White House spokesman Jay Carney said on Sunday that President Obama will make his trip to Asia starting on 6 October, though there was a hint of equivocation: 'So we have this trip scheduled and we intend to take it. We’ll see, obviously, what happens as the week unfolds.'

Politico has a run-down of Obama's itinerary. His trip begins in Bali for APEC and bilateral meetings with President SBY (a location which will provide some challenging visuals for the White House team, with lots of opportunities to show the president in a tropical paradise while his nation's government is in crisis mode), on to Brunei for the US-ASEAN summit and the East Asia Summit, then Malaysia and the Philippines for bilaterals.

The Washington Post's Max Fisher says it looks increasingly likely that Obama won't make the trip, but he should:

...what the United States is doing in Southeast Asia, or at least seeking to do there, is really important in a way that this latest D.C. political drama just isn't. The American goal with Obama's trip and over the last few years, not explicit but quite clear, is to organize the region under U.S. leadership, as a counterbalance to China in its own backyard. Southeast Asian economies are rapidly growing; trade through regional seas is becoming a crux of the global economy. Both China and the U.S. are pressing for influence there. The stakes in the shutdown are real, both politically and for the many actual Americans who will be directly affected. But the stakes of American outreach in Asia are continental and generational in scope...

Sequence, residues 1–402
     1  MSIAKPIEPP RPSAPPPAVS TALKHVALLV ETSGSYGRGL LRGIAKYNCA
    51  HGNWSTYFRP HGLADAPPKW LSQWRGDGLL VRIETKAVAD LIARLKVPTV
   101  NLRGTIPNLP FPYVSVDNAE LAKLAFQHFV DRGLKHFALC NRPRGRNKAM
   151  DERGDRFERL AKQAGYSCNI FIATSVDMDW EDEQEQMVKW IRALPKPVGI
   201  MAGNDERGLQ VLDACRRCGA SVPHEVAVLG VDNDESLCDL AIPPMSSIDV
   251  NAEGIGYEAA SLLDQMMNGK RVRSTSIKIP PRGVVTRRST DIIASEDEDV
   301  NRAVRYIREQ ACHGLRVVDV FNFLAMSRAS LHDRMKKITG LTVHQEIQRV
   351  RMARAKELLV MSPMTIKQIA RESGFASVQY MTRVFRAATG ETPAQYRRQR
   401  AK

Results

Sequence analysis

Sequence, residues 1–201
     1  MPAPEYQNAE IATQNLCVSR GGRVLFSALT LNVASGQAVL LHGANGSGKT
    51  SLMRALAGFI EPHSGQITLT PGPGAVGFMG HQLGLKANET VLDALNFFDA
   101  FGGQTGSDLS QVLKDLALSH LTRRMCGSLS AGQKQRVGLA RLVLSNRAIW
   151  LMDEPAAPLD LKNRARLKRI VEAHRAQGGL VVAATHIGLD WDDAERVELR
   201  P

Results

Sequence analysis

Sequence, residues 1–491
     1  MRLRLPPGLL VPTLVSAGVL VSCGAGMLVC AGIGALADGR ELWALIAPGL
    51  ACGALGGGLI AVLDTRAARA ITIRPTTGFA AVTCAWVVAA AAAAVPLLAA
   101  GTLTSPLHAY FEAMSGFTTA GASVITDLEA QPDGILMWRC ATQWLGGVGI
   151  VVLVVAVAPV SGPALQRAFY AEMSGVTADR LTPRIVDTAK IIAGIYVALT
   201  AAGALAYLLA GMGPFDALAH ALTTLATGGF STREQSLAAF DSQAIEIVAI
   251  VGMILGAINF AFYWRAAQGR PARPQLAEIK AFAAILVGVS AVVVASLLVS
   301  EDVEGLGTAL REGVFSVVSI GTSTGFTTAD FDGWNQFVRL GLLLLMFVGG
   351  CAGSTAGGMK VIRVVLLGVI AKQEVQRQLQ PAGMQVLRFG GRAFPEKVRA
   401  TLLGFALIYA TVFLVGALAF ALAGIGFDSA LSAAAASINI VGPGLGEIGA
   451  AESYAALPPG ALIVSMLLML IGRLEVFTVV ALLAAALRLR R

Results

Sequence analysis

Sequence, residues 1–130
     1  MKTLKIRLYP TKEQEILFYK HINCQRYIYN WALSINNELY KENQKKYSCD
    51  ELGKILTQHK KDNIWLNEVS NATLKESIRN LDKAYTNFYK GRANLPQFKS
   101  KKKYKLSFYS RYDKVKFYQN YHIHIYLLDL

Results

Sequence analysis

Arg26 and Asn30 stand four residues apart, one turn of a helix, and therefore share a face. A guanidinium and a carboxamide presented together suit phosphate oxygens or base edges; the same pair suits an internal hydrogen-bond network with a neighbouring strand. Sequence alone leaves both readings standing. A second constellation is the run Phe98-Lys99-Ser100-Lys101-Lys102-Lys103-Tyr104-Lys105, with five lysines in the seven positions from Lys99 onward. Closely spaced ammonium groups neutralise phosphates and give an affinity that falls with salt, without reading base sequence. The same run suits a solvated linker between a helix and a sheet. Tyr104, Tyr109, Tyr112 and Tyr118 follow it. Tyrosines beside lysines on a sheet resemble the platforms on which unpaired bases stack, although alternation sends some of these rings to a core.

...There's a secondary reason to go to Asia in the event of a shutdown: to reassure the world that the United States is still a viable world leader and is not in the process of eating itself alive. There's a growing sense abroad, in foreign capitals and outside of them, that the American system is increasingly broken and self-destructive. By standing up the leaders of Indonesia, the Philippines, Malaysia and Brunei, not to mention all the other heads of state attending the various Asian summits he'd be skipping, Obama would send the message that America's political brokenness is starting to undermine its foreign policy. That would be particularly counterproductive, given that this trip is supposed to be all about sending the opposite message: that the U.S. is still powerful and is committed to Asia for the long haul. That's a message Beijing would notice as well.

Photo by Flickr user kingair42.